What did we do?
We did an upland mountain bike transect from Kunming, China to Luang Prabang, Laos, through the heart of the remote upland region of Zomia. The expedition occurred in April and May, 2015.
This region, historically isolated by the rugged mountain terrain, is rapidly changing as roads and cell phone towers penetrate farther and farther into the forest. Laos and China will soon begin construction on a new high-speed railway linking Vientiane and Kunming, connecting China's burgeoning eastern metropolises overland to the Indian Ocean. This railway will significantly reduce the barriers between upland, autonomous people and lowland state power.
What is friction of terrain?
The upland peoples of Southeast Asia have been, for much of modern history, a highly mobile people. Many groups began migrating in the 18th century from southern China into the northern mountainous regions of Thailand, Laos, and Vietnam. Their histories have been shaped by a history of mobility and struggles for autonomy in a steep, upland terrain.
'Friction of terrain' is the idea that geographic barriers (not just distance) separate these upland groups from the state core, facilitating the autonomy that these cultures have flourished in.
Zomia is an area on the borders of many Southeast Asian nations, characterized by steep upland semi-tropical mountains and small, dispersed, populations.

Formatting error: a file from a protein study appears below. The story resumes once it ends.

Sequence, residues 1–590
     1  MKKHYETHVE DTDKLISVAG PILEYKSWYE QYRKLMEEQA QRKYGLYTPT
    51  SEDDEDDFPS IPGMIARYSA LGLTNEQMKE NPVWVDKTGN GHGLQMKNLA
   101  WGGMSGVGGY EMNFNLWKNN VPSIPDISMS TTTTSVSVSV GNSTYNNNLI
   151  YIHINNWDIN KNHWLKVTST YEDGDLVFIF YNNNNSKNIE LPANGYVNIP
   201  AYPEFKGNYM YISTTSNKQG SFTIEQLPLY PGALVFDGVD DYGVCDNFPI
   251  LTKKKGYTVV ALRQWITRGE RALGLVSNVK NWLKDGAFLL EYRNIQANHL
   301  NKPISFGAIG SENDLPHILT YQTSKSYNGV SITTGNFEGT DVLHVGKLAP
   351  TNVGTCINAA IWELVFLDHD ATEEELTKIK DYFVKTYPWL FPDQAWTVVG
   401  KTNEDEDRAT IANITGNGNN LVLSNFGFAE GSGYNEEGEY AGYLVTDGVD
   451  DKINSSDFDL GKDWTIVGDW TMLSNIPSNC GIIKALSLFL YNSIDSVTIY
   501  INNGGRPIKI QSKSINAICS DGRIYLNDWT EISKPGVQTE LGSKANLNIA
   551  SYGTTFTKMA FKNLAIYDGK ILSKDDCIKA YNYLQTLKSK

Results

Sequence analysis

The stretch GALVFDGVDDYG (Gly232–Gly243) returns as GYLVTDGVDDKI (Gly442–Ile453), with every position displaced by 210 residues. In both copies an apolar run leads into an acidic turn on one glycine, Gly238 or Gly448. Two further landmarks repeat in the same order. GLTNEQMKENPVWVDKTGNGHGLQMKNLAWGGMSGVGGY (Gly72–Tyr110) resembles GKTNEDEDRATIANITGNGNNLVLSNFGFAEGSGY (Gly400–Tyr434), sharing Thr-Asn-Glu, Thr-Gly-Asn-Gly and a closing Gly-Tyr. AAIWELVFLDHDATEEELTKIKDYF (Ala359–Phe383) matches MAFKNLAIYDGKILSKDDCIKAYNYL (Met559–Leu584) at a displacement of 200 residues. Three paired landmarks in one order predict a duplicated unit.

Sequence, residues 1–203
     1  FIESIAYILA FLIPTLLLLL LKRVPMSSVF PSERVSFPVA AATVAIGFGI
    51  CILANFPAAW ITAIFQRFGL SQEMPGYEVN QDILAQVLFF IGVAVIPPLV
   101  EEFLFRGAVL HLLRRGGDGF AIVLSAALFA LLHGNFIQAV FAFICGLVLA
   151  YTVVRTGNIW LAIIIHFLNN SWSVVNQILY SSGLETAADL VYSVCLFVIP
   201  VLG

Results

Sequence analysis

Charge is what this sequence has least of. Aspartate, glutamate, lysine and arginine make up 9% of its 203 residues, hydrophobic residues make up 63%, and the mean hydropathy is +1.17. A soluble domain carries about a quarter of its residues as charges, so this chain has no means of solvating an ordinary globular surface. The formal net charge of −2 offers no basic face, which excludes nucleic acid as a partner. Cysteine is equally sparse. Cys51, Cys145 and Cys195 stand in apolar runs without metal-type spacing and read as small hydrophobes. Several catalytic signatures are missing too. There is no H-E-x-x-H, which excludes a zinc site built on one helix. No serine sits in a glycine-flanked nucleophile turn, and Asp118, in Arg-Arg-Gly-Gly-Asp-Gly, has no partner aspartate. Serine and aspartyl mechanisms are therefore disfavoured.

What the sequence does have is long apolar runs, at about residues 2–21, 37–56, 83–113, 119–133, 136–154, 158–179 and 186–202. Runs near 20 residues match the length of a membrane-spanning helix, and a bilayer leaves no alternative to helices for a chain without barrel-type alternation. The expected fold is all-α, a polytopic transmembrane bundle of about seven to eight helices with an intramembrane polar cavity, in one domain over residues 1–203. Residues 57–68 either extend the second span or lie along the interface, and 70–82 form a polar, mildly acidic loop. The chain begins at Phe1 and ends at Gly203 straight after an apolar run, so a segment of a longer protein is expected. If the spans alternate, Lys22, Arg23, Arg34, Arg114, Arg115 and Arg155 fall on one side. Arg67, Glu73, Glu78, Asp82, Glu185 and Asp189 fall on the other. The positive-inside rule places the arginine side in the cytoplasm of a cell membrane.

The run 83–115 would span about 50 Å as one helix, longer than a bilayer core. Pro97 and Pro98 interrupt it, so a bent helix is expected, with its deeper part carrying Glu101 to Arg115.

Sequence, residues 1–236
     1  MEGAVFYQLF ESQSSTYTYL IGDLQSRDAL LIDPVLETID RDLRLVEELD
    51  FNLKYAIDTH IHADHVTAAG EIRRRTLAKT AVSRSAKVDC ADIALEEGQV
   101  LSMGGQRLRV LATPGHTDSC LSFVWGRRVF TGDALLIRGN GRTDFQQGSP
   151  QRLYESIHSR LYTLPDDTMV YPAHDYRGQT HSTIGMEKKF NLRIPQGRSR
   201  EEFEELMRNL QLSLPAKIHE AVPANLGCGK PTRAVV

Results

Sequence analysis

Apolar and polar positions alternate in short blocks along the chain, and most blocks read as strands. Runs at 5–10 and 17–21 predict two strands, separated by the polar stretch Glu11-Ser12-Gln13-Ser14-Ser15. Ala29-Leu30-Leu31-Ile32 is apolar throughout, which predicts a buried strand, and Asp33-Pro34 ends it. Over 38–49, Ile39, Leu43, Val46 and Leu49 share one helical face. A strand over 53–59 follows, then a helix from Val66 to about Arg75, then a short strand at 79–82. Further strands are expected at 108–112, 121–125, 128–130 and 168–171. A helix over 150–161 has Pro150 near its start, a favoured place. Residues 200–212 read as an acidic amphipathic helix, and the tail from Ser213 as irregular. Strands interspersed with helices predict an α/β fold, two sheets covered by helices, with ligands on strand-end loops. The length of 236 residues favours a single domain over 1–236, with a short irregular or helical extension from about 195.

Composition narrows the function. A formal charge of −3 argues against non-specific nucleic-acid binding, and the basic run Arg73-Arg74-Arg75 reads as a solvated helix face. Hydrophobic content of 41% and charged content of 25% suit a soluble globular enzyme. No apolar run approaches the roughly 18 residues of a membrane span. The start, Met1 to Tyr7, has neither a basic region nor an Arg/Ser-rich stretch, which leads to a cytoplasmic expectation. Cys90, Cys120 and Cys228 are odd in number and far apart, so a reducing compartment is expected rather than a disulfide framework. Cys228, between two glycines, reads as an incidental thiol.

Who are the riders?
We chose adventure touring bikes in order to feel as directly as possible the undulations of the landscape, as well as to gain access to some of the most remote areas in this region.
What will we create?
Our journey has been documented with an emphasis on capturing the friction of terrain through photos and prose - what are the encumbrances, physical and abstract, which keep these groups in isolation? How are these eroding with the infiltration of globalization?
Following the general path of this new high speed rail, we spent five weeks documenting a transect of the subsistence agriculture lifestyle of upland people groups from Kunming to Luang Prabang.
Currently, we are working to create a narrative, non-fiction, multimedia essay that captures the themes of our journey.